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Research in the Retrovirus Laboratory focuses on the molecular virology and pathogenesis of lentivirus infections. In particular, we study the simian immunodeficiency virus (SIV) to determine the molecular basis for the development of HIV CNS, pulmonary and cardiac disease.
Research projects include studies of viral molecular genetics and host cell genes and proteins involved in the pathogenesis of disease. We are also interested in studies of lentivirus replication in macrophages and astrocytes and their role in the development of disease. These studies have led us to identify the viral genes that are important in neurovirulence of SIV and the development of CNS disease including NEF and the TM portion of ENV. The mechanisms of the action of these proteins in the CNS are complex and are under investigation. We have also developed a rapid, consistent SIV/macaque model in which we can test the ability of various antiviral and neuroprotective agents to reduce the severity of CNS and ...pulmonary disease. view more
Molecular and Comparative Pathobiology
Ruth Faden Lab
Research in the Ruth Faden Lab focuses on biomedical ethics and health policy. Our specific areas of interest include justice theory; national and global challenges in learning health care systems, health-system design and priority setting; access global investments benefits in biomedical research; and ethical challenges in biomedical science and women’s health.
Ryuya Fukunaga Lab
The Fukunaga Lab uses multidisciplinary approaches to understand the cell biology, biogenesis and function of small silencing RNAs from the atomic to the organismal level.
The lab studies how small silencing RNAs, including microRNAs (miRNAs), small interfering RNAs (siRNAs) and piwi-interacting RNAs (piRNAs), are produced and how they function. Mutations in the small RNA genes or in the genes involved in the RNA pathways cause many diseases, including cancers. We use a combination of biochemistry, biophysics, fly genetics, cell culture, X-ray crystallography and next-generation sequencing to answer fundamental biological questions and also potentially lead to therapeutic applications to human diseases.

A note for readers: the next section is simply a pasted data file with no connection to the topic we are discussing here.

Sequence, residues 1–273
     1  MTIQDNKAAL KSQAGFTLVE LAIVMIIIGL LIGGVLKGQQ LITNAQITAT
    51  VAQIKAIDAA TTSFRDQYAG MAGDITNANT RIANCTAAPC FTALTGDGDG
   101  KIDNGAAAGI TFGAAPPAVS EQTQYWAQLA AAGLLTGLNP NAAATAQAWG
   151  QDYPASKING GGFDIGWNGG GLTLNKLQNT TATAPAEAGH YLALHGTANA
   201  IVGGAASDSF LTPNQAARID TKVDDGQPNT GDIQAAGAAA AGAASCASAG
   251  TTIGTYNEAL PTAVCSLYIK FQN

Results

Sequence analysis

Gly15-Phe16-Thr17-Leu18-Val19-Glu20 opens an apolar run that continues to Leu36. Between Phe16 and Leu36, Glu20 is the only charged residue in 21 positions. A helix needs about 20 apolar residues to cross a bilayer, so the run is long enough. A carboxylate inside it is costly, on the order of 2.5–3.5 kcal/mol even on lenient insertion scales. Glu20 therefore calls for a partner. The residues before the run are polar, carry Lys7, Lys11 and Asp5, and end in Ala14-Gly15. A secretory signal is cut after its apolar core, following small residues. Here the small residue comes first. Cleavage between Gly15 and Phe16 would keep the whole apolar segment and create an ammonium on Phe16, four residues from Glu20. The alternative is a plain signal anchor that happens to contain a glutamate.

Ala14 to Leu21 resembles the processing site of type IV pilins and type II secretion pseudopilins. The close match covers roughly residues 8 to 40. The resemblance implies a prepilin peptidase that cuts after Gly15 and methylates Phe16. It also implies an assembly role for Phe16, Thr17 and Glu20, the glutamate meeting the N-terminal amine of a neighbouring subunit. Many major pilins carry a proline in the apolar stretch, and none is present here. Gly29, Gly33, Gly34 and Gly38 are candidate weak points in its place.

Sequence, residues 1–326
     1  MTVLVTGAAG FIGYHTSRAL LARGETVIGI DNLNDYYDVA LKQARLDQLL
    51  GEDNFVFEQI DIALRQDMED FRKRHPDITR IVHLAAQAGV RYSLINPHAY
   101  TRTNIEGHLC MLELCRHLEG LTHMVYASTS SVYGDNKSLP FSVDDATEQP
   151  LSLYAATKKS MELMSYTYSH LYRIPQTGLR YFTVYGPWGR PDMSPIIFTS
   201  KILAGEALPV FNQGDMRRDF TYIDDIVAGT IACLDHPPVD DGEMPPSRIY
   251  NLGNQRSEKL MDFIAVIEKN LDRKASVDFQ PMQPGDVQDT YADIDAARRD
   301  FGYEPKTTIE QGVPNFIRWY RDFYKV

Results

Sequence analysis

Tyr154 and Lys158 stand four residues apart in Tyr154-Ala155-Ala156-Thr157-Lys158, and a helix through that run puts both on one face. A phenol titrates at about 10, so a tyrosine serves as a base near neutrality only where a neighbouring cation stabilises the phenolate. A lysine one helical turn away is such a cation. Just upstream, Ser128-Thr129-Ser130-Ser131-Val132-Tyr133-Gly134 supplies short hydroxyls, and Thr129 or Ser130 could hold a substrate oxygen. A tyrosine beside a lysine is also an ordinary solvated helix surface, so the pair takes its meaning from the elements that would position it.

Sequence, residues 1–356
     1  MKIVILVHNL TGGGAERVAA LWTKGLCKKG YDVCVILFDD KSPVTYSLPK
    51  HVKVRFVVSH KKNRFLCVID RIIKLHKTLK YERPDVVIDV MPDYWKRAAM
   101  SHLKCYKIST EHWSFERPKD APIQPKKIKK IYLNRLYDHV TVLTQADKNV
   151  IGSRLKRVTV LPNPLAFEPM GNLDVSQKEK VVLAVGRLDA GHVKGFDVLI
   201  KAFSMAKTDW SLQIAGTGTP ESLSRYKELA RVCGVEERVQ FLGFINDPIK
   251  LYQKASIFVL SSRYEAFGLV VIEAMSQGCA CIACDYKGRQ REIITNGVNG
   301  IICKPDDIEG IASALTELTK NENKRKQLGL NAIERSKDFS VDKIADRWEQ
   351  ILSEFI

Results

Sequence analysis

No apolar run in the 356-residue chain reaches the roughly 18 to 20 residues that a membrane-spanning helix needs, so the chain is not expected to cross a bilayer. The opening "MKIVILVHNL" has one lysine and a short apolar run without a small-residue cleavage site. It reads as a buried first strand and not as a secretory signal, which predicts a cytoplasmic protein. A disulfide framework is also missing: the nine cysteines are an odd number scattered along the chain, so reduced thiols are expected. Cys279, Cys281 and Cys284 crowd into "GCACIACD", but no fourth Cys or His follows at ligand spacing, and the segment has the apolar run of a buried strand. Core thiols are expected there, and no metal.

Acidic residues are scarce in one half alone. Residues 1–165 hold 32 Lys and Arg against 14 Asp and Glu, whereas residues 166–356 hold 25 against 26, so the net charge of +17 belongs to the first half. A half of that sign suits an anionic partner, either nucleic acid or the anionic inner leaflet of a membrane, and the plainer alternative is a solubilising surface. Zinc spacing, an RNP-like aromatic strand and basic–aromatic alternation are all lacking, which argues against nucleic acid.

Our lab is focused on using comprehensive gene expression, methylation and sequencing and metabolomics analysis to identify alterations in breast cancer, and exploiting these for early detection and therapy. Among deferentially expressed genes, our lab has focused on the HOX genes. HOX genes are intimately involved in the development of resistance to both chemotherapy and to agents targeting the estrogen receptor. Our work explores the alternate pathways that are activated by HOX proteins leading to this resistance and novel treatments to overcome resistance in both tissue culture and xenograft models. In addition, epigenetically silenced genes and a metabolic reprogramming in tumors also trigger novel early detection and therapeutic strategies. We are testing the utility of differentiation therapy through reactivating RAR-beta in breast cancer using histone deacetylase inhibitors with great success. Also, we are targeting enzymes involved in gluconeogenesis and glycolysis with small ...molecule FDA-approved antimetabolites to achieve antitumor effects. view more
The Shanthini Sockanathan Laboratory uses the developing spinal cord as our major paradigm to define the mechanisms that maintain an undifferentiated progenitor state and the molecular pathways that trigger their differentiation into neurons and glia. The major focus of the lab is the study of a new family of six-transmembrane proteins (6-TM GDEs) that play key roles in regulating neuronal and glial differentiation in the spinal cord. We recently discovered that the 6-TM GDEs release GPI-anchored proteins from the cell surface through cleavage of the GPI-anchor. This discovery identifies 6-TM GDEs as the first vertebrate membrane bound GPI-cleaving enzymes that work at the cell surface to regulate GPI-anchored protein function. Current work in the lab involves defining how the 6-TM GDEs regulate cellular signaling events that control neuronal and glial differentiation and function, with a major focus on how GDE dysfunction relates to the onset and progression of disease. To solve the...se questions, we use an integrated approach that includes in vivo models, imaging, molecular biology, biochemistry, developmental biology, genetics and behavior. view less